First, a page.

Depending on the levels of cholesterol in the blood and the ratio of total cholesterol to HDL (“good”) cholesterol, a person is considered to be in one of three categories: at high risk, at moderate risk, or at low risk of developing coronary artery disease. Based on the person’s risk category, the doctor will determine target cholesterol levels. Once target levels are established, a treatment program can be developed to help meet those goals.
Treating High Cholesterol
Adopting healthy lifestyle changes is the first step in bringing high cholesterol levels down to normal.
These changes may include:
Eating a healthier diet
Becoming more physically active
Maintaining a body mass index (BMI) of less than 25
Healthy eating habits are critical to cholesterol management, but what exactly does that mean? The Heart and Stroke Foundation offers the following tips to help you develop a healthy eating plan:
- Choose foods from each of the four food groups (vegetables and fruits, grain products, milk products, and meat and meat alternatives)
- Pick foods in a variety of colours, flavours, and textures
- Select whole grain breads and cereals
- Look for lean meats and trim all visible fat or substitute beans, lentils, dried peas, or fish
- Eat lower-fat dairy products
- Reduce the amount of saturated fats and trans fatty acids you consume to no more than 7% of your total calories
- Increase your intake of omega-3 fatty acids
- Decrease your consumption of refined carbo¬hydrates and sugar
- About 3/4 of the food you eat should be whole grain foods, vegetables, fruits, or legumes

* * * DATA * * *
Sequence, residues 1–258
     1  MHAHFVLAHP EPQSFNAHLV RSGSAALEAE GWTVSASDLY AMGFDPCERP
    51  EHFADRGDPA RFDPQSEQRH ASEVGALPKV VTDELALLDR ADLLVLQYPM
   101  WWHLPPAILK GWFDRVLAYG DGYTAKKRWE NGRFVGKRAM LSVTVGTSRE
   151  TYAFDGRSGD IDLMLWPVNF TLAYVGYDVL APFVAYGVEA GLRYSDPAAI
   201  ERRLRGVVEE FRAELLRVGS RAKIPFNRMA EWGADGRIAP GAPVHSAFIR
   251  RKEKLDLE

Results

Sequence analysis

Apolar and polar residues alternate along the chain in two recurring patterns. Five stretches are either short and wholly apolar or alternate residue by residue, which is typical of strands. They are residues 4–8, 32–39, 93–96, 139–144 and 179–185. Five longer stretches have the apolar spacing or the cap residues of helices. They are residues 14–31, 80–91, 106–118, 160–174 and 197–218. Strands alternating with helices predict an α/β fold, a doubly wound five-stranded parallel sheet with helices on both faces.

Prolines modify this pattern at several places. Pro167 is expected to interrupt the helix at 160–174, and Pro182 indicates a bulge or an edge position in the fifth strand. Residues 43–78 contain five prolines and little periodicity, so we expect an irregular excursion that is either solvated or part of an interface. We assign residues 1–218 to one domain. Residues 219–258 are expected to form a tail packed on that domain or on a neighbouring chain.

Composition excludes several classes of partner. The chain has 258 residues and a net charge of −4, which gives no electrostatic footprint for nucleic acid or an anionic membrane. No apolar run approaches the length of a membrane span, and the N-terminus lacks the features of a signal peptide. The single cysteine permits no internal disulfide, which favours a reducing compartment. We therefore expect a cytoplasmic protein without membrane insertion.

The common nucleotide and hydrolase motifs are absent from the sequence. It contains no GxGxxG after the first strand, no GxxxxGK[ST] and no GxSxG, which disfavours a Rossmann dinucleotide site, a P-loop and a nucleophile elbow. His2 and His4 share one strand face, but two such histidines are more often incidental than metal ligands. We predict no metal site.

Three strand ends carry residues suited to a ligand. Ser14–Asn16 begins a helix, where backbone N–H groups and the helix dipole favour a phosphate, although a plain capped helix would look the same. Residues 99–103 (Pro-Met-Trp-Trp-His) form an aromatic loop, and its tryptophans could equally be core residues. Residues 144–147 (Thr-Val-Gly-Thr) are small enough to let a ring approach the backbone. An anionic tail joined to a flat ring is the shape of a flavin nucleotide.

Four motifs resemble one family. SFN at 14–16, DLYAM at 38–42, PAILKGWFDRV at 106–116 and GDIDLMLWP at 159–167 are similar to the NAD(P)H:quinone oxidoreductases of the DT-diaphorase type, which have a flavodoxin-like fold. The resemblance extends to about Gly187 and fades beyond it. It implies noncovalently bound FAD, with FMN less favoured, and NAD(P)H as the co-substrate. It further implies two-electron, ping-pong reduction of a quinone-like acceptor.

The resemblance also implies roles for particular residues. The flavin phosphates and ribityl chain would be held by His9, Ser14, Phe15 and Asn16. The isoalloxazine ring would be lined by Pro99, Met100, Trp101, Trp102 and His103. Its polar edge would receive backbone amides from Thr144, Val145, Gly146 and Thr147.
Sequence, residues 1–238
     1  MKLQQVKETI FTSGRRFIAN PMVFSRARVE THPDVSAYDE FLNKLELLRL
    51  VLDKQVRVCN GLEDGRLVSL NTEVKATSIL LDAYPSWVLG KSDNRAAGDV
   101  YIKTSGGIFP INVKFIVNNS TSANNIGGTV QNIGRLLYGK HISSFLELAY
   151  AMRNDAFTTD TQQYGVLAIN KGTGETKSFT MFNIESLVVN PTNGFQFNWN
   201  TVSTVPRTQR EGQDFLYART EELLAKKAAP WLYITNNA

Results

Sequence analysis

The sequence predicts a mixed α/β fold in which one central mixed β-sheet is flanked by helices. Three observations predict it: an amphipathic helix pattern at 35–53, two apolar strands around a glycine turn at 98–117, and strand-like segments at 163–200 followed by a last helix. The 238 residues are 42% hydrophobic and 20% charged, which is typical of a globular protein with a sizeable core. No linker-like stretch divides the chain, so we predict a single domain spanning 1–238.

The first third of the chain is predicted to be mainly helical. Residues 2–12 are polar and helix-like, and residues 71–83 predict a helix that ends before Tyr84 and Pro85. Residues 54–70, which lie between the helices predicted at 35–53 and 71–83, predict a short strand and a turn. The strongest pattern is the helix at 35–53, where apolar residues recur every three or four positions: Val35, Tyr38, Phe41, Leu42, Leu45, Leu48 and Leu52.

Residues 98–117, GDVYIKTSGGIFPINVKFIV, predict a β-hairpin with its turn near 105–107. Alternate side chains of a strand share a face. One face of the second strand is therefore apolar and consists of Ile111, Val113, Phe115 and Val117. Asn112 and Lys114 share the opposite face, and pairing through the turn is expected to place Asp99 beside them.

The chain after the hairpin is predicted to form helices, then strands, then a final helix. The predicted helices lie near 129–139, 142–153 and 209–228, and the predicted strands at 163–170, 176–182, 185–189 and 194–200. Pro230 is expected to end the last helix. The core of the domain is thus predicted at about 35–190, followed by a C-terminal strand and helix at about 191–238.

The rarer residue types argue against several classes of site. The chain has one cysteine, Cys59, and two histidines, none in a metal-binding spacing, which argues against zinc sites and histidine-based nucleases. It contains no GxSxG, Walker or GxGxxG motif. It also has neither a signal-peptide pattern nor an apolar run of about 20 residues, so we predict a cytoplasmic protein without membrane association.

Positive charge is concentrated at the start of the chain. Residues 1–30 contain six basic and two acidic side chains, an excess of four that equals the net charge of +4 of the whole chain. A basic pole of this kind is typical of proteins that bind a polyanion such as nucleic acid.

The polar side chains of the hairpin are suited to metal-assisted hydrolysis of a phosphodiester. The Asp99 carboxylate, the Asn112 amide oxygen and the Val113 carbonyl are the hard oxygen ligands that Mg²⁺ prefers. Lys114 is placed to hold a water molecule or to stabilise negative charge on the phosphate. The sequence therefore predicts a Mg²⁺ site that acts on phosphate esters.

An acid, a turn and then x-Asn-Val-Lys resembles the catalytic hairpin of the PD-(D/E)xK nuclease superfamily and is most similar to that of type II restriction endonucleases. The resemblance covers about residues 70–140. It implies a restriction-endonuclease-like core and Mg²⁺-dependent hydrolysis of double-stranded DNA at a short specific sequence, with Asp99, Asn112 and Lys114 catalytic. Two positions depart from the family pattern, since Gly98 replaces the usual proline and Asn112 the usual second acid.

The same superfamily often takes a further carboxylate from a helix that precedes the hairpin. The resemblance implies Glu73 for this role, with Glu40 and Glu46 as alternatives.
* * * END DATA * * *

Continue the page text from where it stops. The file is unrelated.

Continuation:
- Avoid high-fat snack foods (such as cookies, pastries, and chips), fried foods, and most fast foods
For some people, these lifestyle changes will be enough to bring cholesterol levels down to the normal range. Other people will require medication. While cholesterol-lowering medicines can be very effective, they must be used in combination with a healthier lifestyle, not as a substitute for healthy habits.
There are several different types of cholesterol¬lowering medicines: statins, resins, cholesterol absorption inhibitors, fibrates, and niacin (a form of vitamin B3), Each of these types of medication has benefits and drawbacks, and not every drug will be right for each person, Doctors must carefully assess which drug to prescribe for each patient, and sometimes a variety of treatments have to be tried before the right drug-or combination of drugs-is found.
Any drug-including herbal and natural remedies¬can cause side effects in some people, Because high cholesterol produces no symptoms and the medicines can have side effects, some people are tempted to stop taking their medication, This is a big mistake! High cholesterol levels that aren’t treated can have very serious health consequences, and side effects can usually be managed, Sometimes adjusting the dose reduces or eliminates the side effects; other times a different drug can be used that won’t cause unpleasant reactions, If you experience any ill effects from a cholesterol drug, tell your doctor or pharmacist. Do not simply decide on your own to stop taking the medication